Objective: To assess whether work-related physical activities are associated with Carpal tunnel syndrome (CTS), even when controlling for personal risk factors.
Methods: A cross-sectional assessment of 1108 workers from eight employers and three unions completed nerve conduction testing, physical examination, and questionnaires. CTS was defined by median neuropathy and associated symptoms.
Results: Eighteen workers had CTS and 131 had evidence of median neuropathy. CTS was highest among construction workers (3.0%) compared to other subjects (<1%). Logistic regression models for median neuropathy both personal and work-related risk factors. Work-related exposures were estimated by two methods: self-report and job title based ratings.
Conclusions: Both work and personal factors mediated median nerve impairment. Construction workers are at an increased risk of CTS so awareness should be raised and interventions should specifically target this risk group.
From the Division of General Medical Sciences (Mr Armstrong, Ms Dale, Dr Evanoff), Washington University School of Medicine, St. Louis, Mo.; and the Department of Environmental Health Sciences (Dr Franzblau), University of Michigan School of Public Health, Ann Arbor, Mich.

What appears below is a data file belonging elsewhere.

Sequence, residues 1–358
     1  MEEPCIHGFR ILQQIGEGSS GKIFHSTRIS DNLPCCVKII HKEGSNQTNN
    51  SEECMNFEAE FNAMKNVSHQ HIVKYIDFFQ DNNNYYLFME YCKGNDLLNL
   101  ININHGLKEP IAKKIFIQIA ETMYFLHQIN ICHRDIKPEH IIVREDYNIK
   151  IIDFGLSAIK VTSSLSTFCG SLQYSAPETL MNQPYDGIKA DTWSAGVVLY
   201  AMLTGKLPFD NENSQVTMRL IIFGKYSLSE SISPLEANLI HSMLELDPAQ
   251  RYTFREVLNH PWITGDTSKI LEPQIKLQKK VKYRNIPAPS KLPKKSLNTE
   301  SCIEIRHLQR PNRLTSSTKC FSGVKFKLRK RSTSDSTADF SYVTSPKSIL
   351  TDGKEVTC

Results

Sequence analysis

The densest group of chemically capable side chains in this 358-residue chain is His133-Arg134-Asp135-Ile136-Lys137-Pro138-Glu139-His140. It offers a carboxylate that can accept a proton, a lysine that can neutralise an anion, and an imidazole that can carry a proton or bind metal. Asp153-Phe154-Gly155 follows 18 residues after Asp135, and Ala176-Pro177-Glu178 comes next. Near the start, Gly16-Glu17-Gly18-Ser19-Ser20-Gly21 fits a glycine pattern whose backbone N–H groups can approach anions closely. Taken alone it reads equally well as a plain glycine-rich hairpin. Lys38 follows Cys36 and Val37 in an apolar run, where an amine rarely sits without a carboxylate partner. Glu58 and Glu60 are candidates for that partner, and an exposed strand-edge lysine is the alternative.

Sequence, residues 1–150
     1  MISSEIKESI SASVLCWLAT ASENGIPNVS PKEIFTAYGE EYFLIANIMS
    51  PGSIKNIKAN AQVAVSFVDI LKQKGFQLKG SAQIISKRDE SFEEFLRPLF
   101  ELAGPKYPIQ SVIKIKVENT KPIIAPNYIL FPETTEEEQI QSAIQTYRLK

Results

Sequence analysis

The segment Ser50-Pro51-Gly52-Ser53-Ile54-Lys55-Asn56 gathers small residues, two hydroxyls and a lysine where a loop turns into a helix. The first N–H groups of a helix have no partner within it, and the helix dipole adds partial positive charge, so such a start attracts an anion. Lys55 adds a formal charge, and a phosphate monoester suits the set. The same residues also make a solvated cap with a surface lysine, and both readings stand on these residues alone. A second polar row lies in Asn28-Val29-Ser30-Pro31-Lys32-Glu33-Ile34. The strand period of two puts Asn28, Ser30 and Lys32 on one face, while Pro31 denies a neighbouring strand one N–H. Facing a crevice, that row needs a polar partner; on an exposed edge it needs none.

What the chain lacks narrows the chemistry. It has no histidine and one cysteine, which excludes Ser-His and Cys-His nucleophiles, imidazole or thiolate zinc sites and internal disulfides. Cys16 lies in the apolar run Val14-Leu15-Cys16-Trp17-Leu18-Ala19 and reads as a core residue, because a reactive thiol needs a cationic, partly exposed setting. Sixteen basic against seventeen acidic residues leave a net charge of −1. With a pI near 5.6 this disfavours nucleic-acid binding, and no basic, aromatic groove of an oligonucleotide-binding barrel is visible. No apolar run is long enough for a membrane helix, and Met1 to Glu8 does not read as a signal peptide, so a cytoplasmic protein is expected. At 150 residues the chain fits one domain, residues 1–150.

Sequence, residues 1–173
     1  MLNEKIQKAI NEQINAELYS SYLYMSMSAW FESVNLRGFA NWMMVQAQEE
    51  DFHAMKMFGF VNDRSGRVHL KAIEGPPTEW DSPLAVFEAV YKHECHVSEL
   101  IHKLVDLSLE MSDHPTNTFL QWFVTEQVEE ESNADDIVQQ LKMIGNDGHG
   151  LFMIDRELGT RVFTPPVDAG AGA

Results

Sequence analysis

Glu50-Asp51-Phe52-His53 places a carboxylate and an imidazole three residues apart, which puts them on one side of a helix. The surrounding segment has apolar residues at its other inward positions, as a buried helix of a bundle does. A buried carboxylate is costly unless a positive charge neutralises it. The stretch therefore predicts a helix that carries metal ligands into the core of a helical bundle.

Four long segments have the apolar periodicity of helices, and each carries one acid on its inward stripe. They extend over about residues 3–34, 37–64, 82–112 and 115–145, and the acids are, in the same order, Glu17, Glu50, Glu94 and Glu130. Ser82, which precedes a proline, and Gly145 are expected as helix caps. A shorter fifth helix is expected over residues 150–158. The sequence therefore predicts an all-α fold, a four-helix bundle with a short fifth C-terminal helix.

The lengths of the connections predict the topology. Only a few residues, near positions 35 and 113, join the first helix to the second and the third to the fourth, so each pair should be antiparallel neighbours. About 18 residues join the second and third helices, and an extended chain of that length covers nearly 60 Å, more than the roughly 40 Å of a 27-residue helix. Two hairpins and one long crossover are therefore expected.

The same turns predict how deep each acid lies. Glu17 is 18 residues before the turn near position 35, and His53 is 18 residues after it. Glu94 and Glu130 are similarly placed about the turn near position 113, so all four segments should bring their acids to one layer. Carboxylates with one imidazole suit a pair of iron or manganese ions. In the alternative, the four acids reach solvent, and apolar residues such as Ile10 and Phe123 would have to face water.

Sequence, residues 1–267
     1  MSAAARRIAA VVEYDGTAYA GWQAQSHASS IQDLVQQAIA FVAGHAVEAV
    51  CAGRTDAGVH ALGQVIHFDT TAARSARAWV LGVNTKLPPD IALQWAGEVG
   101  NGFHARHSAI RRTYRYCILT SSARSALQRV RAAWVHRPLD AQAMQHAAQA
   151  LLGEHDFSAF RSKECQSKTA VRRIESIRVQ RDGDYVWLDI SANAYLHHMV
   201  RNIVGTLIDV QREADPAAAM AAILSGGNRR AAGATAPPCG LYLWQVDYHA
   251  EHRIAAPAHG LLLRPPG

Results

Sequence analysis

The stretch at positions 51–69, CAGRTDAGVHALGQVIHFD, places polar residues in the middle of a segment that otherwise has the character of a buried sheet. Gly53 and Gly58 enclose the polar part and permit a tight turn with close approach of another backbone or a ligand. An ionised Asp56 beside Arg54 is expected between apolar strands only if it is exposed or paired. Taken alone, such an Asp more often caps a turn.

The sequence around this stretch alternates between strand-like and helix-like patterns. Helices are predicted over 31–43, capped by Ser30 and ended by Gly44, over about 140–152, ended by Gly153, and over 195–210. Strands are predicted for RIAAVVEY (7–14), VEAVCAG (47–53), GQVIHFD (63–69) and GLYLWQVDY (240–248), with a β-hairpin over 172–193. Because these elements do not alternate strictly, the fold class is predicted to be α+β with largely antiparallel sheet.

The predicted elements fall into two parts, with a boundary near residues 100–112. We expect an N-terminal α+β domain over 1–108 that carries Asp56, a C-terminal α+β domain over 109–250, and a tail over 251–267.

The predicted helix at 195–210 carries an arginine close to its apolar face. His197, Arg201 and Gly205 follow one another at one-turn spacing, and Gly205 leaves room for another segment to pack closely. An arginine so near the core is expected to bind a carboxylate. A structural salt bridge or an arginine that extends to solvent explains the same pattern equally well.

No authors in this study are affiliated with any organization that to any author’s knowledge have direct interests, including financial interest, in the subject matter or materials discussed.
Bradley A. Evanoff has the right to grant on behalf of all authors and does grant on behalf of all authors, an exclusive license (or nonexclusive for government employees) on a worldwide basis to the BMJ Publishing group Ltd and its Licensees to permit this article (if accepted) to be published in OEM and any other BMJPGL products to exploit all subsidiary rights, as set out in our license.
This study was presented at the Sixth International Scientific Conference on Prevention of Work-Related Musculoskeletal Disorders, August 2007.
Dr Evanoff had full access to all the data in the study and takes responsibility for the integrity of the data and the accuracy of the data analysis.
Address correspondence to: Bradley A. Evanoff, Washington University in St. Louis School of Medicine, Division of General Medical Sciences, Campus Box 8005, 660 S Euclid Ave, St. Louis, MO 63110; E-mail: firstname.lastname@example.org.